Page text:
5 Tips to Help Parents Get Kids Adjusted to School

Parents across the area are headed back to school today with their children. They’ve got enough on their minds as parents – being sure the...

Parents across the area are headed back to school today with their children.
They’ve got enough on their minds as parents – being sure their kids have the clothes they need, that they’ve had their vaccinations, that they’ve got their school supplies and had their eyes checked, et cetera.

But what about preparing kids mentally for the start of the school year?
Faith Crittenden is a licensed social worker who helps oversee Family & Children’s Services school-based counselor program.
Although classes at Tulsa-area schools started Wednesday and Thursday, Crittenden said it’s not too late for parents to follow a couple of quick tips to get their children ready for the year.

5 tips to help parents get kids adjusted to school
These will all add up to helping children reduce their anxiety or stress level during class – when they need to be paying attention – something that can be even more beneficial for children who have mental, emotional or behavioral health issues.

1. Get children in gear for school by helping them transition from a summer to a school mentality. They’ve been going all summer without having to follow a teacher’s rules and directions.
“It’s hard for them to turn their brain on after unstructured, doing-what-you-want time, to now going back and listening to a teacher tell you what to do all day,” Crittenden said.

Do this by initiating conversations with children about school starting, discussing who their teachers are. Ask if their friends have had them, and what do they say about those teachers?

2. Get children to look up their teachers on the school’s website.
Often, each classroom will have its own website through the school’s site. Usually, teachers will have a biography on their class home pages that tells students who they are.
Knowing a bit about teachers’ stories helps make them seem more approachable and familiar to students during that critical first week of school.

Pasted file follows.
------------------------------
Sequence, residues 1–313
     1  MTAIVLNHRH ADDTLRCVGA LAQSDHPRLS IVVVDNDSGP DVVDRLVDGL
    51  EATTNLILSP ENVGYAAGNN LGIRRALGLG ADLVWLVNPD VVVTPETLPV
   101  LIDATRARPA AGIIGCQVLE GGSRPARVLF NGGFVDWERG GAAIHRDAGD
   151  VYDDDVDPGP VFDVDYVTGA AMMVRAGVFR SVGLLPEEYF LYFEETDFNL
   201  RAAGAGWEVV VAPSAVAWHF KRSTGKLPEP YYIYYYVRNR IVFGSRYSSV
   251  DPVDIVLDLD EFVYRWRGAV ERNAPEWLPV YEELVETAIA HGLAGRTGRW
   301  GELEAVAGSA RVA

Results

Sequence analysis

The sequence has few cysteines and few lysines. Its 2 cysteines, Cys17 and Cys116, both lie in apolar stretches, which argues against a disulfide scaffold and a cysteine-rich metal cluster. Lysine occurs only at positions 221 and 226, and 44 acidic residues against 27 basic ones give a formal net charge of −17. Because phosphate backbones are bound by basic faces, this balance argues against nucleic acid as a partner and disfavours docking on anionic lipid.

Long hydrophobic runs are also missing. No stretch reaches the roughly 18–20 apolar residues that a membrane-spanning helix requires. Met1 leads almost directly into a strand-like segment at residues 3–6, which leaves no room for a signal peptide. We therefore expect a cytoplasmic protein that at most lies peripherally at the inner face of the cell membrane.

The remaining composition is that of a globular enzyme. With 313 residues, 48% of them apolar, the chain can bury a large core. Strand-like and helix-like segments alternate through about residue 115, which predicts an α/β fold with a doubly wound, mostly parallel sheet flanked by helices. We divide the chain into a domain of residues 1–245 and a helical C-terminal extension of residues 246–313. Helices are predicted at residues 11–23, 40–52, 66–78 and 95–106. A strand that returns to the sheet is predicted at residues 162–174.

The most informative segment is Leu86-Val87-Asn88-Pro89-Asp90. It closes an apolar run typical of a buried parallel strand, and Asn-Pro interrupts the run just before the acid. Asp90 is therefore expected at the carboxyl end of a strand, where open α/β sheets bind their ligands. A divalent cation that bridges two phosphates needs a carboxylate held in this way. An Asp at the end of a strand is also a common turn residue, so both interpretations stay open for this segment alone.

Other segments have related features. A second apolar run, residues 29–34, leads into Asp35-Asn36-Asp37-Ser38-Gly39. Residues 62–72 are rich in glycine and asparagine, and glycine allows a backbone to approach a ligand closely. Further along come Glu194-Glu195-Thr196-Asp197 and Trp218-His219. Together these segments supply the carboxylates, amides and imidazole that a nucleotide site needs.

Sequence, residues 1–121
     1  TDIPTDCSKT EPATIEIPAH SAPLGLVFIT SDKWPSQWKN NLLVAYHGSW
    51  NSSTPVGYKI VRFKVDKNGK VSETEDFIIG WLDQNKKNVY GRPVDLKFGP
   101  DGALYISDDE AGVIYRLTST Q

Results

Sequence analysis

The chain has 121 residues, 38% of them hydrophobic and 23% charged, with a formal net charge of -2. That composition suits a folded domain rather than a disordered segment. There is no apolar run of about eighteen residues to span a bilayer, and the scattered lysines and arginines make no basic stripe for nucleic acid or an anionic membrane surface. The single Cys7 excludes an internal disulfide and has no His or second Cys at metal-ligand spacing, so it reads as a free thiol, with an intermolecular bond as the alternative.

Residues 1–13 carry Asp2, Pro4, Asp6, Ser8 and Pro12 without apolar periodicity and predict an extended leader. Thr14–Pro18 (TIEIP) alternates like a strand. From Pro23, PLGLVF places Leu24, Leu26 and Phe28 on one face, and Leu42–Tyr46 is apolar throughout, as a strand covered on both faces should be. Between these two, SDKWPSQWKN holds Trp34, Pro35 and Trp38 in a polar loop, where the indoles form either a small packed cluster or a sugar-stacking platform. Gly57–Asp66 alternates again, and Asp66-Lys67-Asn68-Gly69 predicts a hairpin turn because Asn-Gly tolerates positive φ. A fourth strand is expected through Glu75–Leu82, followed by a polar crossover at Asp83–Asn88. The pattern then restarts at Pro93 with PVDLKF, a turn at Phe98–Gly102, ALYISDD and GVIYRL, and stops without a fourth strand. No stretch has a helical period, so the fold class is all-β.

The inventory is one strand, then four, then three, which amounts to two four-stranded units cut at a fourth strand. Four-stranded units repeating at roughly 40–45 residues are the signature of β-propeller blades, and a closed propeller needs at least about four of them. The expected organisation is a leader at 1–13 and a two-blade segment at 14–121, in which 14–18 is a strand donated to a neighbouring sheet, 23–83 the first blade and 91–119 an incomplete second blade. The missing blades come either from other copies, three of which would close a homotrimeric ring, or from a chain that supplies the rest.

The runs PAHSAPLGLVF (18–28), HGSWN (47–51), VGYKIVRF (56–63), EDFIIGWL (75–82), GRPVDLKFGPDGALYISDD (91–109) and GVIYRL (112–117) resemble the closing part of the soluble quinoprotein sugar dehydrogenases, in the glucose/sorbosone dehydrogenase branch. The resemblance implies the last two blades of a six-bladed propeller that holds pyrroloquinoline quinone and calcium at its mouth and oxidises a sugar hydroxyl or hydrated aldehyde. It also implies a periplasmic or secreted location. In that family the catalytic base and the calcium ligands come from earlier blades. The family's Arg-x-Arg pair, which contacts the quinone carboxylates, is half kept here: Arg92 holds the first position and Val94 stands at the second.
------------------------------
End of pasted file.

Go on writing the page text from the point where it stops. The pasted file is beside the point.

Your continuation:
3. Take children to “Back to School Night.” Usually a few weeks after school starts, it can be a great way for kids to meet teachers outside of a formal classroom setting. It can also help with learning their school’s layout, something that’s especially helpful for children who may be changing classrooms during the day for the first time.

4. If children have emotional or behavioral health issues, parents should set up a meeting with teachers and principals to discuss their children and what has worked in the past. Parents will especially want to do this with any new teachers. Not only will this help their children, it will also help teachers work with students in the classroom to ensure they receive an optimum classroom experience.

“That way, when those kids walk in, those teachers feel armed with things to do and have a plan so that when something does arise, it’s not just willy nilly things that we’re pulling out of the air. We’ve actually got a plan that we’ve talked about and that we’re going to implement and do.”
5. Finally, parents should get to know their school’s counselor, especially if their children have struggled or are struggling with emotional or behavioral health issues. Additionally, it is also helpful to go by the school’s office and asking who the school’s mental health provider is, Crittenden said.
That counselor can refer help directly or refer you to other services offered.

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